Legislators who supported AB 5 argue that it is good for journalists and cartoonists, because they need better jobs that get employee benefits. What is actually happening is that the journalists simply don’t get hired and they lose their freelance gigs; the journalism doesn’t get done and the publishers are shrinking and suffering even more. At Cagle Cartoons, we can’t afford to hire any cartoonists or columnists as employees, and none of them would want to suffer the restrictions of being our employees. The idea that publishers, including little Web sites, would hire cartoonists as employees now is whimsical nonsense from another era. In California, the “Gig Economy” is now the “can’t get a gig” economy.

It is ironic that we read so much about President Trump attacking journalism, but the truly effective attacks on journalism come from liberal Democrats in Sacramento.

Another new California law that is costly and risky for us is the California Consumer Privacy Act (CCPA). This new, over-reaching, sloppy law is another bludgeon in my state’s war on journalism. The law is intended to protect consumers by affecting only large companies that trade in consumer information which should be confidential –but it has the added effect of crushing little journalism sites like Cagle.com.  Read my post about CCPA!.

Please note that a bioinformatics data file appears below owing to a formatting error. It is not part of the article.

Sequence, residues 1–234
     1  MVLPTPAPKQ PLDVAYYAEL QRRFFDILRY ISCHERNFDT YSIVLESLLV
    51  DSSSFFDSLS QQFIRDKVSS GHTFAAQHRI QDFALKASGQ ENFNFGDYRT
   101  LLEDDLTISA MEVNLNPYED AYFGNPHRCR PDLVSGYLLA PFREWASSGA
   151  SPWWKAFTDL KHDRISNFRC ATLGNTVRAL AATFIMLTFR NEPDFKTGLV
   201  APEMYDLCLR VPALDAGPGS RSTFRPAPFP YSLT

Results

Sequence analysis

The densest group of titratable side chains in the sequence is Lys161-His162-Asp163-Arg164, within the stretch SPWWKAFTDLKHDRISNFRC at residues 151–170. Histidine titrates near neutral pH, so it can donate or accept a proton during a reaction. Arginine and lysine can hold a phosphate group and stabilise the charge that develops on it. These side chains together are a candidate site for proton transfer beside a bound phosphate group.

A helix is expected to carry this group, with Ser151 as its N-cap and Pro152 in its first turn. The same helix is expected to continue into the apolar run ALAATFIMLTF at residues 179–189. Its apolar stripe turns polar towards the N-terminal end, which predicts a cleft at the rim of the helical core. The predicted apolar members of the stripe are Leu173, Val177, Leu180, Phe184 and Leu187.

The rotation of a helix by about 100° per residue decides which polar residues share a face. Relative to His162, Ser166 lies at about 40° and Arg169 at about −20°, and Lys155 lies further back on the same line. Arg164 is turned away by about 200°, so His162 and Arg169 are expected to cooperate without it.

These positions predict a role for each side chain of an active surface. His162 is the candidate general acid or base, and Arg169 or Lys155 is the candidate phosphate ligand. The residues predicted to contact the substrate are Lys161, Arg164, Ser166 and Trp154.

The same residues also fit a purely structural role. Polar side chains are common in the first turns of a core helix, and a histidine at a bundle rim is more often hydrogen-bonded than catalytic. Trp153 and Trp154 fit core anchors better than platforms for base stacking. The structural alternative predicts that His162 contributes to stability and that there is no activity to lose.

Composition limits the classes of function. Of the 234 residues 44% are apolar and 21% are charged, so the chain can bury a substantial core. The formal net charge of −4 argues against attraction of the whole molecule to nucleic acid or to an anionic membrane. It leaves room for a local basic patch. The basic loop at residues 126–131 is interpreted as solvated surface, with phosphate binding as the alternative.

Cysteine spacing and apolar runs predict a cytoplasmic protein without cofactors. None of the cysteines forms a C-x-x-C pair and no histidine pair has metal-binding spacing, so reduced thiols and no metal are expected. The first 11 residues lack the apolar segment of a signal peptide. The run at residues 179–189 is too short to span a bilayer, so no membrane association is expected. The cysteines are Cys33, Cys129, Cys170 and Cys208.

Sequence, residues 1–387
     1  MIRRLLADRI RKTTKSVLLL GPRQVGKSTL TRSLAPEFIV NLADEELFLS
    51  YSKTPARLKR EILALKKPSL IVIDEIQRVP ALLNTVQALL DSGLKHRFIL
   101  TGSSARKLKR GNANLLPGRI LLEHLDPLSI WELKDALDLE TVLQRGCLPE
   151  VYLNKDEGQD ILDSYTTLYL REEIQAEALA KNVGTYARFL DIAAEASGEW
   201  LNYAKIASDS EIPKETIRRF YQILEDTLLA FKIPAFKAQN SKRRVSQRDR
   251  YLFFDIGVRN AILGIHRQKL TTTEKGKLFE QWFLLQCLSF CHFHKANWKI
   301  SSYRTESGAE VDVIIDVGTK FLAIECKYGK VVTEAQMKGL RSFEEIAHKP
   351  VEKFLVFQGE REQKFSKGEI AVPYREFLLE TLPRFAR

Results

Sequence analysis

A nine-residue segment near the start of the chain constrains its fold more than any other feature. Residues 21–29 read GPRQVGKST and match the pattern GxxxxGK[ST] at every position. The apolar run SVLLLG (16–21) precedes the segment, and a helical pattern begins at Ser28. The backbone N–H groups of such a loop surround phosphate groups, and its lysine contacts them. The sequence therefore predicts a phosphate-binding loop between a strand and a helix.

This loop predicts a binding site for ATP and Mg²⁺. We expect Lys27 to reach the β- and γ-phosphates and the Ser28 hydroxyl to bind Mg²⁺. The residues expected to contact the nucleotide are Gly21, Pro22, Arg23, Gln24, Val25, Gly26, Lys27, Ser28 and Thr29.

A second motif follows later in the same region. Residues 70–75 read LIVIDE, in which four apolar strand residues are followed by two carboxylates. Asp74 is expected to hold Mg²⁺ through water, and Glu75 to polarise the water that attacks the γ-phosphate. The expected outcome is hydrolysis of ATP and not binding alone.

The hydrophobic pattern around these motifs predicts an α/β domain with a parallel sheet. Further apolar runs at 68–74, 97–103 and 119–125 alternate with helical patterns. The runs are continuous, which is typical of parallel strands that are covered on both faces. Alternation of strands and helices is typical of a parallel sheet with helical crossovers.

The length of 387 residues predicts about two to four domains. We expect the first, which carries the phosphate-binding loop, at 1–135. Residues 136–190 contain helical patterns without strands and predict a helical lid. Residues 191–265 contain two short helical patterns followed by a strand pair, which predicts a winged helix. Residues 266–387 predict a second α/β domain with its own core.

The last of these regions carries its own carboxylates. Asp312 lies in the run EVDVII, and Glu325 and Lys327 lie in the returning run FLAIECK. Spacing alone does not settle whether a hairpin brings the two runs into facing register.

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By Daryl Cagle

Daryl Cagle is the founder and owner of Cagle Cartoons, Inc. He is one of the most widely published editorial cartoonists and is also the editor of The Cagle Post. For the past 35 years, Daryl has been one of America’s most prolific cartoonists.

6 replies on “California’s War on Journalism!”

Hi Bob, I asked the AAEC and CRNI to support the lawsuits that journalism and photographers organizations are filing – no response yet on AAEC or CRNI doing or saying anything on the subject.

The other professional organizations’ plea for an injunction to block the law while their suit was considered by the court, was rejected by the judge yesterday, so AB 5 remains in effect.

-Daryl

Wow! This is really sad news.

I don’t understand how the government can inflict such pain on private individuals and their efforts to be independent artists trying to make a living. Many people like their independence and don’t want to be employees.